Quebec cops' cattle shooting triggers international reaction
Published Monday, October 31, 2011 9:16PM EDT
GATINEAU, Que. - Two dead Canadian cattle, bovines brought down by a barrage of police bullets, are attracting a wave of international sympathy in the wake of their violent demise.
Supporters from around the world have expressed outrage in online forums like YouTube and the website of a British newspaper.
More than 157,000 people have seen the YouTube video of their killing by police officers last week in Gatineau, Que., with thousands more clicking by the hour. A story Monday on the website of Britain's Daily Mail was titled: Don't Moooove, or I'll Shoot!
The animals' deaths have prompted a letter-writing campaign, organized by an animal-rights group, that targets the Gatineau police force.
The woman who created the campaign said she had mixed reactions upon seeing the video.
"In some sense it's shocking footage -- it's horrible, you hear the person who was recording it and the shock of her voice as well," said Twyla Francois, head of investigation for Canadians for Ethical Treatment of Food Animals.
"But in another way it wasn't shocking because this really represents what we've been finding in our investigations."
The cattle were already destined for the slaughterhouse when they escaped from a trailer last Thursday. They subsequently began stomping around, leading police on a chase near rural Highway 148.
Video of the incident shows police cars, their lights and sirens going, chasing and then surrounding one of the animals. Officers fired at least 10 shots from close range at one steer.
A police officer can be heard firing six initial shots, slowing the animal down before officers scamper to their cars to cut off its escape.
An officer then fires four more times as that same steer limps away. Both animals were shot dead.
Part of the scene was recorded by horrified witnesses. One can be overheard swearing in disbelief at the events unfolding.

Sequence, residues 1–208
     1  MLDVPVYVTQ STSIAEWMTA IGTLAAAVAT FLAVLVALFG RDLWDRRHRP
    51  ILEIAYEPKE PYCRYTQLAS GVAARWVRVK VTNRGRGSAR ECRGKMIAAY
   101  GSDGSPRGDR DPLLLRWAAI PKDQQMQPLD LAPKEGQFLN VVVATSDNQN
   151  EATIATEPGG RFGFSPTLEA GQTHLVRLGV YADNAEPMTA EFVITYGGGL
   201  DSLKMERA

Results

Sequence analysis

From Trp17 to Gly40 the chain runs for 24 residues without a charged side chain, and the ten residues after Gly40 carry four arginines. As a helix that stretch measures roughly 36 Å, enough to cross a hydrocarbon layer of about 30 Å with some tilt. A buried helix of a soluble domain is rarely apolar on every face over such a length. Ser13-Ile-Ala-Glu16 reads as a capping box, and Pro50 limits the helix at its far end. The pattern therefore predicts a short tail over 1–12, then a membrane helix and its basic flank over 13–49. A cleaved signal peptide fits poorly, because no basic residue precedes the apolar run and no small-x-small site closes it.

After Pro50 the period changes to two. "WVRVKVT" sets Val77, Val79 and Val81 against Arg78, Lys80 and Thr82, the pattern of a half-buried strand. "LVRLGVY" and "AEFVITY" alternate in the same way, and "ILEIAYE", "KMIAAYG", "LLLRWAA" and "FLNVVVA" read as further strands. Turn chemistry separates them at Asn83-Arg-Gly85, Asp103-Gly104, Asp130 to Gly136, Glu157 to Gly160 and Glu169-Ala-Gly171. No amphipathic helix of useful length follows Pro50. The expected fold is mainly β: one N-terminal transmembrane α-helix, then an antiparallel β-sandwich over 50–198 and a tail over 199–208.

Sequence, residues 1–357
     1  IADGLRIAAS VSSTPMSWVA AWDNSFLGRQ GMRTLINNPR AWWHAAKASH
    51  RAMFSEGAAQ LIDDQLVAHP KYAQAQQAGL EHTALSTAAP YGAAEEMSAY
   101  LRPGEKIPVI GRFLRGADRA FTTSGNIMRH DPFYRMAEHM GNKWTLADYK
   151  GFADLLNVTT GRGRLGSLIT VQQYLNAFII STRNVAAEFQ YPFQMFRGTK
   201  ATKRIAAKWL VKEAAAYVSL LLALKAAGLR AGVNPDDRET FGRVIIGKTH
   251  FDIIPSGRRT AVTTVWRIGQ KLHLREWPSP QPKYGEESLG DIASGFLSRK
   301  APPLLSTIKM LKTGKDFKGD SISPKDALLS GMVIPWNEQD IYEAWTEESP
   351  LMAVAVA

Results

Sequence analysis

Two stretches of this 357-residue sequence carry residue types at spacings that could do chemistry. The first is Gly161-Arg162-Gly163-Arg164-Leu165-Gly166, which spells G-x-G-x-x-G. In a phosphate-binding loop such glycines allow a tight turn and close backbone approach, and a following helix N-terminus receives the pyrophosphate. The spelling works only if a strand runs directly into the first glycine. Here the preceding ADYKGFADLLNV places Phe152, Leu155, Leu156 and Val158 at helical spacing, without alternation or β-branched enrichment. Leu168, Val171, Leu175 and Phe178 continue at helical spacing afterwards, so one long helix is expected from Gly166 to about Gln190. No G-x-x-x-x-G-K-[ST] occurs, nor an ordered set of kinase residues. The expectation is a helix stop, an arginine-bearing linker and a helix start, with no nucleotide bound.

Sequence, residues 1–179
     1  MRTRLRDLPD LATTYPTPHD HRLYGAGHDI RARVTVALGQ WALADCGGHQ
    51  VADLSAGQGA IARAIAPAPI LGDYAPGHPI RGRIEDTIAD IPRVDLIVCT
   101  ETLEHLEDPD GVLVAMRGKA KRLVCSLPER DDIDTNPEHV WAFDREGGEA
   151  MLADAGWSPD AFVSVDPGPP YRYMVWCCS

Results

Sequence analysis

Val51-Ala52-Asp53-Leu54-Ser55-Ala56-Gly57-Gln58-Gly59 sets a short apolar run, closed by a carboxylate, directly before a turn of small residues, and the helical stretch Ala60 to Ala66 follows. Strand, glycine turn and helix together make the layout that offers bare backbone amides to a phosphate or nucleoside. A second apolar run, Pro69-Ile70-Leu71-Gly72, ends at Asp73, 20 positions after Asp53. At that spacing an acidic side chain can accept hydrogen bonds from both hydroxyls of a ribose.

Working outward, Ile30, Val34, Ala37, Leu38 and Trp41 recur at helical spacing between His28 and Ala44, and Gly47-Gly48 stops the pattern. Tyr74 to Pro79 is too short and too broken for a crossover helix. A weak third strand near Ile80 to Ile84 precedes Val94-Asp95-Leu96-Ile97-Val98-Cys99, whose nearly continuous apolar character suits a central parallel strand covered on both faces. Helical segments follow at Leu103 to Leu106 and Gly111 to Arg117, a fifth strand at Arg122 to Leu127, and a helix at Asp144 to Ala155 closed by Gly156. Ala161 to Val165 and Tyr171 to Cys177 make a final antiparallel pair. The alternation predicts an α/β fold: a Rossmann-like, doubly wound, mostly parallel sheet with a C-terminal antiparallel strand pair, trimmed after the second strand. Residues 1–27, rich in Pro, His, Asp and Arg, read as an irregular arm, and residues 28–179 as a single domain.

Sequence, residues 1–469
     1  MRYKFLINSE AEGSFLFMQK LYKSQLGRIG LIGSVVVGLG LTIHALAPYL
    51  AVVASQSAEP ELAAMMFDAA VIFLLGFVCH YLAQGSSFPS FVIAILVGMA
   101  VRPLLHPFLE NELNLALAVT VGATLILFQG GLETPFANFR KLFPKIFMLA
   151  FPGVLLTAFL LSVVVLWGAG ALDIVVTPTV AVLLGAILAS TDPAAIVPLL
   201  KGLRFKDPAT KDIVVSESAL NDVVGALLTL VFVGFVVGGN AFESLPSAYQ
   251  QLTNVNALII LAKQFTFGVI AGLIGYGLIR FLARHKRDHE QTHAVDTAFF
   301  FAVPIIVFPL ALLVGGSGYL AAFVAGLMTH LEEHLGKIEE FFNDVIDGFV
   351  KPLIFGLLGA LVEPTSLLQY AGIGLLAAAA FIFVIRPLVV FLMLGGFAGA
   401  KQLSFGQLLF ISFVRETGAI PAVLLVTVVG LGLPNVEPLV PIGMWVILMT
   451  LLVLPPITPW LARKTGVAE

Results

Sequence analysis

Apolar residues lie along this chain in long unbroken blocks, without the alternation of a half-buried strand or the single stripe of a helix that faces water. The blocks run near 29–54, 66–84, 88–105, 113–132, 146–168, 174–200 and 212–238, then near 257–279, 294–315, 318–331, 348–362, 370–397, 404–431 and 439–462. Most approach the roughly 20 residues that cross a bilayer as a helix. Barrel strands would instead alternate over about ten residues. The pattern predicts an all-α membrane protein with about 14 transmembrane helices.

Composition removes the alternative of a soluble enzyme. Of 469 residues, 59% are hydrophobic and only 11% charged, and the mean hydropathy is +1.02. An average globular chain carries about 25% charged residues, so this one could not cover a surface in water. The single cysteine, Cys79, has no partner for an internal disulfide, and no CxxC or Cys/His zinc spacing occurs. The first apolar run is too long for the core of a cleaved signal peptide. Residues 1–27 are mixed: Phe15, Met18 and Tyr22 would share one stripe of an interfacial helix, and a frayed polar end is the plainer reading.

"What are they shooting it for?" one witness is overheard asking. "That's not really a gun, is it?"
On the Internet, many are chiding Gatineau police for excessive cruelty and a lack of compassion toward the animals. While some sprang to the police's defence, most expressed shock.
One sarcastic Daily Mail reader commented: "That vicous (sic) cow! With sirens, lights, people, and chaos! I bet it was a serious threat! I'm so glad you big strong men saved us all from that cow! Cows are kown (sic) for their killing sprees thank god you saved humanity! ... IDIOTS with GUNS!!!!!!"
Another wrote: "Makes me sick to my stomach and want to cry. I just don't understand human beings."
Gatineau police have defended their actions, saying the animals posed a risk to the public and there was no choice but to shoot.
"They determined the bull was really aggressive and he was a threat for the population," said Const. Pierre Lanthier, a police spokesman.
"They tried to bring the animal back into the trailer with the help of the owner but it was impossible."
Police said the animals rushed at police cruisers on a couple of occasions and, as they neared an elementary school, the cattle owner had given police permission to shoot.
Lanthier said some police cars are equipped with rifles, but none of the officers on duty had access to one.
The officers tried to contact Quebec wildlife officials, but were informed they didn't deal with that kind of animal.
Gatineau police said Monday that they have no plans to train officers to use tranquilizer guns.
"That's why we had to do it by ourselves and a police officer had to take a decision and kill the beast," Lanthier said.
As in any case when a firearm is discharged, an administrative review will take place, Lanthier said.
CETFA says it's hard to believe that domesticated cattle could have produced such a threat.
In a statement on the group's website urging people write letters to Gatineau police chief Mario Harel, CETFA said: "Had these officers shown this same treatment to a dog, they would be facing animal cruelty charges."
Francois' non-profit group monitors the treatment of animals raised for the purpose of food.
She says Canada lags behind when it comes to having proper training and protocols for people who transport animals. Ottawa has promised new rules for six years, but has yet to follow through.
"If we had a proper training program for our livestock haulers, which they do in Europe ... this wouldn't have become an issue of public safety," Francois said in an interview from Winnipeg.
"That driver would have known the behaviour of that cow and how to round him up again."